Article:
Technip Shares Leap as Market Applauds Resilience amid Oil Rout


PARIS, Feb 25 (Reuters) – Technip's shares jumped by more than 15 percent on Thursday as markets applauded its fourth-quarter results and it said that its 2016 dividend was well covered thanks to a strong backlog of projects while cash flow helped it to resist the worst of the oil price rout.

Although the French oil services company expects business to dip in 2016 as oil and gas companies hold off on new investments, it said it expects to some rebound in momentum from late in the year going into 2017.

Kepler Cheuvreux analysts, who have a "hold" rating on Technip, wrote that the results were in line with forecasts and that they expect the company to announce a multibillion-euro contract in Mozambique in the coming weeks.

Italy's Eni said on Wednesday that it had won approval from the Mozambique government to build its planned Coral floating liquefied natural gas (LNG) plant. Technip is expected to take part, but a company spokesman was not immediately available to comment.

One London-based analyst described Technip's outlook as reassuring, while Jefferies, which has a "buy" rating on the stock, said the results were above consensus and 2016 guidance was positive.


Sector suppliers have been squeezed along with oil and gas companies that have cut spending and jobs, while placing projects on hold, in response to a 70 percent drop in oil prices since mid-2014 because of a global crude glut.

Technip's Italian rival Saipem said on Wednesday that it may have to cut costs further to meet a commitment to stick to profit forecasts for 2016 after it posted a 2015 net loss of 806 million euros and wrote off assets.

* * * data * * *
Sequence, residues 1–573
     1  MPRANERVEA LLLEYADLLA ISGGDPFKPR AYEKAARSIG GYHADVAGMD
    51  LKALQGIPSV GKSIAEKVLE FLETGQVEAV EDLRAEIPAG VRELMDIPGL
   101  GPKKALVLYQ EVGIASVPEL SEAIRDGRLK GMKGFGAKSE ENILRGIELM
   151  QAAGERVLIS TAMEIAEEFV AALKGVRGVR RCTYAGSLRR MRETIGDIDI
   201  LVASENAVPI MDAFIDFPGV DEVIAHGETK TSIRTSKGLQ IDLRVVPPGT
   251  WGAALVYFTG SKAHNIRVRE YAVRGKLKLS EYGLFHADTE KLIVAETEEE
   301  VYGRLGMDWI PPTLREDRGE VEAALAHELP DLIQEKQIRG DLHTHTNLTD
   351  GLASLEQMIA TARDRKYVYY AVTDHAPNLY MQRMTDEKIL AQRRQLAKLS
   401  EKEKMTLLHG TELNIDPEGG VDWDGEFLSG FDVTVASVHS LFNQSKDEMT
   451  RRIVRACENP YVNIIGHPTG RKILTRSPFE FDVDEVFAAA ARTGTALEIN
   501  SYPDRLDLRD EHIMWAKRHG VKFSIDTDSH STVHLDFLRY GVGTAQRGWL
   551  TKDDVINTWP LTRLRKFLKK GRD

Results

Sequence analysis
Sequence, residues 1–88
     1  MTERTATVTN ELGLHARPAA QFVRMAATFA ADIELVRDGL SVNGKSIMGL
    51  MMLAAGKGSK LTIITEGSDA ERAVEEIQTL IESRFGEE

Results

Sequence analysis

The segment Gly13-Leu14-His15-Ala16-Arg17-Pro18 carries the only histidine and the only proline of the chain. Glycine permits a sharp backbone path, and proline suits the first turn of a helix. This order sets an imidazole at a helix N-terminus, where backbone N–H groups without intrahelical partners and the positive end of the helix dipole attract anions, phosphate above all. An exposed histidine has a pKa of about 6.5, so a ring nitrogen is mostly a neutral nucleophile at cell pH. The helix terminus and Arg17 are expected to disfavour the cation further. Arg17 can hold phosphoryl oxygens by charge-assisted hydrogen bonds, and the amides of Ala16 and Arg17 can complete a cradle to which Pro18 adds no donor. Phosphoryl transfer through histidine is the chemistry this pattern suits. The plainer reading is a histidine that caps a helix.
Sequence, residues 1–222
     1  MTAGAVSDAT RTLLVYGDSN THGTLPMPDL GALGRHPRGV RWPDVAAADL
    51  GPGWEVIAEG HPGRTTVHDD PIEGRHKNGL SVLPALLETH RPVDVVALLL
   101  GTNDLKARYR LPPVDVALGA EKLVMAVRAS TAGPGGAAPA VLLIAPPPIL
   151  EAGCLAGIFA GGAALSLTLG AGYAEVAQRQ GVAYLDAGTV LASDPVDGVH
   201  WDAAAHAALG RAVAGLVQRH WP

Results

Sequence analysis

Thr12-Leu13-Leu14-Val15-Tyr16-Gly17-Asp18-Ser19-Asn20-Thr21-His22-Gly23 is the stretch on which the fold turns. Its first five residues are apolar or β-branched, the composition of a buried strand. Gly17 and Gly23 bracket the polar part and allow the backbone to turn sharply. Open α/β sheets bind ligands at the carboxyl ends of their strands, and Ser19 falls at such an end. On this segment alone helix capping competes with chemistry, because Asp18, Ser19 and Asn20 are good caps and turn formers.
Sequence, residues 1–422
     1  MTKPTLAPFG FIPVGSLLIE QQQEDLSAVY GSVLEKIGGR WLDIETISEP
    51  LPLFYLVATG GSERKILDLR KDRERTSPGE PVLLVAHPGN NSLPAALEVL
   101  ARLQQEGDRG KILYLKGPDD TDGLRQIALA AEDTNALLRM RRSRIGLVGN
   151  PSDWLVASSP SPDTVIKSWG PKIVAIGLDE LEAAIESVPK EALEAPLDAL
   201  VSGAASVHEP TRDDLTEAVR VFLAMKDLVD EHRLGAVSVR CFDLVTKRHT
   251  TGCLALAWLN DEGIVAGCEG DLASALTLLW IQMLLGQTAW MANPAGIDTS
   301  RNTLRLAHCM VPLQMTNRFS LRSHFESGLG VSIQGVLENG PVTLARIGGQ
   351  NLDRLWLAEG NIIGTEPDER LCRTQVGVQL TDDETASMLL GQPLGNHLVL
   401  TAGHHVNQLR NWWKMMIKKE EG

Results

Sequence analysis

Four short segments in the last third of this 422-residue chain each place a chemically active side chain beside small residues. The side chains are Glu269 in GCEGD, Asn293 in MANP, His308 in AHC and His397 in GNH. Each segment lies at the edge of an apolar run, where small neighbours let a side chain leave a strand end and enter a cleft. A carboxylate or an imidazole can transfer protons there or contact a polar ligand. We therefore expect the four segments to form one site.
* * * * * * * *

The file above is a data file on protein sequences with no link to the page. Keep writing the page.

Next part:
The Technip CEO, Thierry Pilenko, told reporters that a strong backlog of work, solid cash flow and cost cuts had enabled the firm to remain resilient.

"We have a very robust balance sheet, which is supported by a strong cash generation and a solid backlog that allows us to set very clear objectives for 2016," Pilenko said.

Technip said its business backlog was 17 billion euros ($18.7 billion) at the end of 2015, compared with more than 20 billion euros the previous year, and that it ended the year with 1.9 billion euros of net cash.

The company's cost savings target has been increased to 1 billion euros by 2017, from the 830 million euros announced last July, but it said no further job cuts are planned.

Pilenko said the company might consider small acquisitions and alliances to strengthen its position in technological developments.

The company's chief finance officer told analysts that the dividend for 2016 is well covered. ($1 = 0.9078 euros)

(Editing by David Clarke and David Goodman)



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